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Health, wellness driving VRIC research


June 29, 2011
By Vineland Research and Innovation Centre

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June 29, 2011, Vineland,
Ont – Three new research scientists have joined the Vineland Research and
Innovation Centre (VRIC). Dr. Bernard Goyette (post harvest technologies), Dr.
Valerio Primomo (vegetable breeder), and Dr. Anissa Poleatewich (plant
pathology), bring their respective research expertise and experience to
Vineland.

June 29, 2011, Vineland,
Ont – Three new research scientists have joined the Vineland Research and
Innovation Centre (VRIC)
. Dr. Bernard Goyette (post harvest technologies), Dr.
Valerio Primomo (vegetable breeder), and Dr. Anissa Poleatewich (plant
pathology), bring their respective research expertise and experience to
Vineland.

“So much of horticulture
is focused on the fresh market,” said Dr. Jim Brandle, Vineland CEO. “Having a
differentiated product, particularly with healthy, local or sustainable
attributes, is essential to meeting market demand and creating a favourable
price point for the grower. The work of Dr. Goyette, Dr. Primomo and Dr.
Poleatewich in areas of storage, handling, packaging, biocontrol and variety
breeding will also positively influence the national discussion on Canadian
food security and food sovereignty.”

Dr. Poleatewich has
joined Vineland from Penn State University. Her area of research will include
development of biocontrols and other alternatives to chemical pesticides for
control of plant diseases and weeds with an emphasis on integrated pest management
in vegetable, fruit and ornamental crops grown in Ontario. Diseases in these
crops continue to be a major challenge for growers. Dr. Poleatewich will start
work immediately in assessing plant pathogen threats to local varieties of
ethno-cultural vegetables, and more broadly diseases in storage.

Dr. Bernard Goyette
joins Vineland from Agriculture and Agri-Food Canada (AAFC). He is concerned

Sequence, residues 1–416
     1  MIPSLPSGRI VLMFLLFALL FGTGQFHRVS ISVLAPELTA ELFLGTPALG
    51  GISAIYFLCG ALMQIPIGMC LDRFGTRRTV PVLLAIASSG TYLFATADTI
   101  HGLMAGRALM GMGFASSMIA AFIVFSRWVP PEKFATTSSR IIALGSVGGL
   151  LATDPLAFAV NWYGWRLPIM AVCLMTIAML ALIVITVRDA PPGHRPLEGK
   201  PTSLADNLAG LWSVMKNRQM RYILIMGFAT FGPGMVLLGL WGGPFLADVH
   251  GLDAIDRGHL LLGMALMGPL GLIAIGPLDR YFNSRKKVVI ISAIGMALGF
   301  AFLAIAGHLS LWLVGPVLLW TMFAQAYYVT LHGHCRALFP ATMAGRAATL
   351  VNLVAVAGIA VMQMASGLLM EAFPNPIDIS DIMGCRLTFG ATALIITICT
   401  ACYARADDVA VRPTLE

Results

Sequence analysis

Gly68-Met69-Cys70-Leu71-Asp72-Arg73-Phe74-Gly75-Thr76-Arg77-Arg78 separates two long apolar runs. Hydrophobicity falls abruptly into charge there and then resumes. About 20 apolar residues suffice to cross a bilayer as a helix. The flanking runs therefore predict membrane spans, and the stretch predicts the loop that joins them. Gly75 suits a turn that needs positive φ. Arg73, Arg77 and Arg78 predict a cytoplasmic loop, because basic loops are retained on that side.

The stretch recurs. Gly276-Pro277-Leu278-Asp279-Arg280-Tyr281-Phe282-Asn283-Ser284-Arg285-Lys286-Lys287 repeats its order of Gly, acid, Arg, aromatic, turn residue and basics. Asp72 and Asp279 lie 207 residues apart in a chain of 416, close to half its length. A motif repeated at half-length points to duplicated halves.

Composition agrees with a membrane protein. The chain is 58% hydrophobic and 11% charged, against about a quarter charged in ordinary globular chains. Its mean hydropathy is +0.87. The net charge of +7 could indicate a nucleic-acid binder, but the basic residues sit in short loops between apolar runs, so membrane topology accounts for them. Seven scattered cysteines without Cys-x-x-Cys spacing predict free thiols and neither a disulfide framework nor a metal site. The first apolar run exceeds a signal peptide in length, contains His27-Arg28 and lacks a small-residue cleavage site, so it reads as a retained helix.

with postharvest handling, including pre-cooling, storage and packaging to
maximize quality. Dr. Goyette is also studying the effects of physical
treatments on vegetables to enhance quality attributes of fresh produce.
Initial work in tomatoes has proven highly successful in increasing levels of
lycopene.

“I recently met with Dr.
Goyette to discuss immediate issues for the tender fruit industry,” said Len
Troup, chair of the Ontario Tender Producers’ Marketing Board. “Our growers
produce superb product but proper handling and storage management practices
continue to be a challenge. To hold a premium place in the market we need
product to reach the consumer in its best possible condition which also
includes consumer-tested and technology-proven packaging.”

Dr. Primomo comes to
Vineland from Pioneer Hi-Bred as a molecular breeder for several crops. At
Vineland, he will deliver germplasm, varieties and traits to the vegetable
industry that will have commercial value to Canadian growers. Dr. Primomo
begins his work with an assessment of worldwide breeding programs and genetic
seed banks that could have value for breeding varieties adapted to Canadian
growing regions.

“As food producers we
are also in the health business,” said Anne Fowlie, executive vice president of
the Canadian Horticultural Council. “Horticulture has an important role to
play when it comes to the health of Canadians. Diet and lifestyle related
health care costs Canadian taxpayers billions of dollars each year ($4.3
billion in 2004). In Ontario alone, the provincial government was expected to
spend approximately 46 per cent of its total budget on health care in 2010. We
are collaborating with Vineland to lead research that is focused on
locally-produced fruits and vegetables that will contribute to a healthy diet.”


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